The Delhi High Court on Friday pulled up the police for filing first information reports against Indians who gave shelter to foreigners who attended the Tablighi Jamaat conference in the city in March last year, Live Law reported.

The religious conference had taken place on March 9 and 10 in Delhi’s densely populated Nizamuddin area. On March 25, a nationwide lockdown was imposed in India to combat the coronavirus outbreak.

The Tablighi Jamaat congregation was blamed for thousands of coronavirus infections around the country in the initial weeks of the lockdown. The event had renewed stigma against Muslims, triggering a wave of business boycotts and hate speech.

The Delhi High Court was hearing a petition filed by those who hosted foreigners, seeking to quash the FIRs registered against them.

At the hearing, Justice Mukta Gupta noted that foreigners who came to India for the event stayed in homes and mosques and when the lockdown came into force, they could not move elsewhere, the Hindustan Times reported.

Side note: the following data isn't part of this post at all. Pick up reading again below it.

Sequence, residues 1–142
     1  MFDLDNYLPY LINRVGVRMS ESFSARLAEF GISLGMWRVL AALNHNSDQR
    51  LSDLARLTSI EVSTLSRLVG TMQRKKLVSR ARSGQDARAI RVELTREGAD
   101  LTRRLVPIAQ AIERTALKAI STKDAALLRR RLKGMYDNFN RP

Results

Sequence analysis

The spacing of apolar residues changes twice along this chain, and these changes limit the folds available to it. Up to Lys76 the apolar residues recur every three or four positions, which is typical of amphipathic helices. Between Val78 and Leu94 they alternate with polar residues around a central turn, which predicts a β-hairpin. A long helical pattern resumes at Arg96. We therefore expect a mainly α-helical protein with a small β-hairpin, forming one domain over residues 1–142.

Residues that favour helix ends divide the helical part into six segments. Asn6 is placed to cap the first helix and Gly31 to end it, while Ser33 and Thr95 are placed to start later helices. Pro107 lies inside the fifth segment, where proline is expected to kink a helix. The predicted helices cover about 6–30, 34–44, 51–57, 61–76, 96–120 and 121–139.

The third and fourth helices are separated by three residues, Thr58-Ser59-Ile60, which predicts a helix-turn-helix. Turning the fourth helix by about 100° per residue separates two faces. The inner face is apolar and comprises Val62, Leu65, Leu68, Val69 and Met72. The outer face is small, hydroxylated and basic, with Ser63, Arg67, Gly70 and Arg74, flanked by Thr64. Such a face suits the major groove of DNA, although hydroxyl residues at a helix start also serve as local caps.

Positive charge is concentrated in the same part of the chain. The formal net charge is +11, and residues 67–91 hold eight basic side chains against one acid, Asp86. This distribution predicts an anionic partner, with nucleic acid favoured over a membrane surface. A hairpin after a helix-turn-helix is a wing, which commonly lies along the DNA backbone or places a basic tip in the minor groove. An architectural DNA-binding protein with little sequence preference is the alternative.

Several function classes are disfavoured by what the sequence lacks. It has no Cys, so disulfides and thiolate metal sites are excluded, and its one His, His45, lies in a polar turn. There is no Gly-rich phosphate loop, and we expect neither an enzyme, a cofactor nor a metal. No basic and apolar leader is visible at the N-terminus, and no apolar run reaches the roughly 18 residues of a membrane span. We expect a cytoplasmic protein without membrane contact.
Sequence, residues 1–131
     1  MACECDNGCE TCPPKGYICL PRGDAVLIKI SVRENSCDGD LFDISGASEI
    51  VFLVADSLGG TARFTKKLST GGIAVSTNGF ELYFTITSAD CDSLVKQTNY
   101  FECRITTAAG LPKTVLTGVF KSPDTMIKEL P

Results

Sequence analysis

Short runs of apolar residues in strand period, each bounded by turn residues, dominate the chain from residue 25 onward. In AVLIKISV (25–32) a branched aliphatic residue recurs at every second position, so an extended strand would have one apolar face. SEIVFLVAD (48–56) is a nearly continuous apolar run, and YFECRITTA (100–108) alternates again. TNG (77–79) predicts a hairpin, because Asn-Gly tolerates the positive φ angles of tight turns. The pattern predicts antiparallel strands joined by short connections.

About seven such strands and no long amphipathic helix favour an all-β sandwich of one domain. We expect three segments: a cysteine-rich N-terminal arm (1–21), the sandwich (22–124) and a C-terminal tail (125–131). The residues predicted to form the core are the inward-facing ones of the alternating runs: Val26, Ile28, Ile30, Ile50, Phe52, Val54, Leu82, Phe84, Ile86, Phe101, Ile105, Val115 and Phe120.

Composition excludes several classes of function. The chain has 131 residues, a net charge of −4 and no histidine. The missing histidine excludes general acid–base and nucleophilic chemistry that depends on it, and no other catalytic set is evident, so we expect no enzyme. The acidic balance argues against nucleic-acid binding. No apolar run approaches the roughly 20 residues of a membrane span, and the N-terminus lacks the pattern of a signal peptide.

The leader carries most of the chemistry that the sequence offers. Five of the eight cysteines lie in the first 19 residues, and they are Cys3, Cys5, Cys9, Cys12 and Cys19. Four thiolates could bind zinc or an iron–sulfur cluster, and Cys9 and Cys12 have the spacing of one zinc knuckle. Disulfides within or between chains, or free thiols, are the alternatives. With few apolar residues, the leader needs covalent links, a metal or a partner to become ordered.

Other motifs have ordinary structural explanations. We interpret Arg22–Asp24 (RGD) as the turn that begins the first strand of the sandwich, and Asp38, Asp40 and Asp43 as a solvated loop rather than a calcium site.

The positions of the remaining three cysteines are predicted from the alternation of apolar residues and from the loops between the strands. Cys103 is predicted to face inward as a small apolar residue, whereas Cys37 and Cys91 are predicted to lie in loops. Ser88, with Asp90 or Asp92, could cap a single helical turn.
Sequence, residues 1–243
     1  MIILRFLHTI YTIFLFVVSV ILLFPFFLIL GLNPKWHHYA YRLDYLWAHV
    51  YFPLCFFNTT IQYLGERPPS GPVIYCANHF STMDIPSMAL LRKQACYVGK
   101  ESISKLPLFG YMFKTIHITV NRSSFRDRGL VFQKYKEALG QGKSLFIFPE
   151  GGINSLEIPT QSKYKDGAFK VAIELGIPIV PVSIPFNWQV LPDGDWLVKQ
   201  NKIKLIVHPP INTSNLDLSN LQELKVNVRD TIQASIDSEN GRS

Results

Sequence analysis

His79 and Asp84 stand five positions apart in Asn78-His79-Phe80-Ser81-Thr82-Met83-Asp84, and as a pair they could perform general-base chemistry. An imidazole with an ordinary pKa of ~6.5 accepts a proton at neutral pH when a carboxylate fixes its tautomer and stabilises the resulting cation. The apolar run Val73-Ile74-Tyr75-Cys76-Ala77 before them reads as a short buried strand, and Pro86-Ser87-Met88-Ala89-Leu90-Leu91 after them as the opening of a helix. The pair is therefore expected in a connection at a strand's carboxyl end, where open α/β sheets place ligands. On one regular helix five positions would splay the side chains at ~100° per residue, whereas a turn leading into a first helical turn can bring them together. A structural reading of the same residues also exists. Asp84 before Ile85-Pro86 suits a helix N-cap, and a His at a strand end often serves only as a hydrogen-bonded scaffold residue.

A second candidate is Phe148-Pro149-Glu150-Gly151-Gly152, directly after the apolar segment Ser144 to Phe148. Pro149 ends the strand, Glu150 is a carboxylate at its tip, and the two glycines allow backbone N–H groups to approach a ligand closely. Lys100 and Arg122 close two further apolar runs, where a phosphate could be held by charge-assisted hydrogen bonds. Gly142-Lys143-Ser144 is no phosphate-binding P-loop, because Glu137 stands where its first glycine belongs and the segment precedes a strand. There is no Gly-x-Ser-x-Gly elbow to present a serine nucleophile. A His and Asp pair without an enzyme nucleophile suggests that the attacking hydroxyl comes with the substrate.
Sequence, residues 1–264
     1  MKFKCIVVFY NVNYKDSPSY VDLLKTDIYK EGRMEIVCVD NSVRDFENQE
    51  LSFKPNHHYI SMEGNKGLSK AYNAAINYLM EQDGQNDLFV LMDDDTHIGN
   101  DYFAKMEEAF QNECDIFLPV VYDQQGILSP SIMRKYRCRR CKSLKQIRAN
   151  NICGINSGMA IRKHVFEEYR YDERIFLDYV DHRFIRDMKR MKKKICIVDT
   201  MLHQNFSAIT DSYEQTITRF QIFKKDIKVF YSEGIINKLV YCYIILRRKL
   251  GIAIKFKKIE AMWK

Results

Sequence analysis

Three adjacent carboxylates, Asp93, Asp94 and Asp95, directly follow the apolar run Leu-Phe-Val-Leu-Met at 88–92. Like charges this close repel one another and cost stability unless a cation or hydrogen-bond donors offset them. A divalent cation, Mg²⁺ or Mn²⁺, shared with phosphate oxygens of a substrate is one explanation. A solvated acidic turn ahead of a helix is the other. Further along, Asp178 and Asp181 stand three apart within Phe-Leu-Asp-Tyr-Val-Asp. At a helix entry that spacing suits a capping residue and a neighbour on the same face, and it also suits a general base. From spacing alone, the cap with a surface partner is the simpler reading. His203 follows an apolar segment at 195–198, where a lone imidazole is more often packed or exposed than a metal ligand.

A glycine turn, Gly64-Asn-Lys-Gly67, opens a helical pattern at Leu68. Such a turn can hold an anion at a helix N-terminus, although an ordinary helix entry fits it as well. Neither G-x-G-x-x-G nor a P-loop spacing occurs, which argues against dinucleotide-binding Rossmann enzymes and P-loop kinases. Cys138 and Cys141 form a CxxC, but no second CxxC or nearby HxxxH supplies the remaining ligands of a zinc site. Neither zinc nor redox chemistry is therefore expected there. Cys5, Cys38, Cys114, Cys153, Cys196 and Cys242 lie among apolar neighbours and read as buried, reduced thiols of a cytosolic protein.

“Wherever anybody was residing, the person needed to continue,” the judge said. “A person could not even shift if they were with their grandparents, parents. Nobody could go out of the house. Wherever you were, you were just suddenly static. So, there was no question of changing the place at that time.”

The judge asked the police what offence the hosts had committed, PTI reported.

Gupta added: “Is there any bar on Madhya Pradesh residents to stay in Delhi in any mosque, temple or gurudwara? They can stay wherever they want. Was there a notice that everybody will throw out whosoever was staying [with them]?”

The petitioners in the case told the court that in the FIR, they were wrongly accused of spreading disease, PTI reported. They claimed that the accusations against them were “unwarranted, concocted and untenable in law”, according to Live Law.

The Delhi High Court directed the police to submit a detailed report on the matter and set the next date of hearing on December 6.

Several cases were filed against people who attended the congregation for reasons such as allegedly disobeying the government’s Covid-19 guidelines or violating the conditions of their visa. But courts have quashed most of the FIRs and acquitted the members.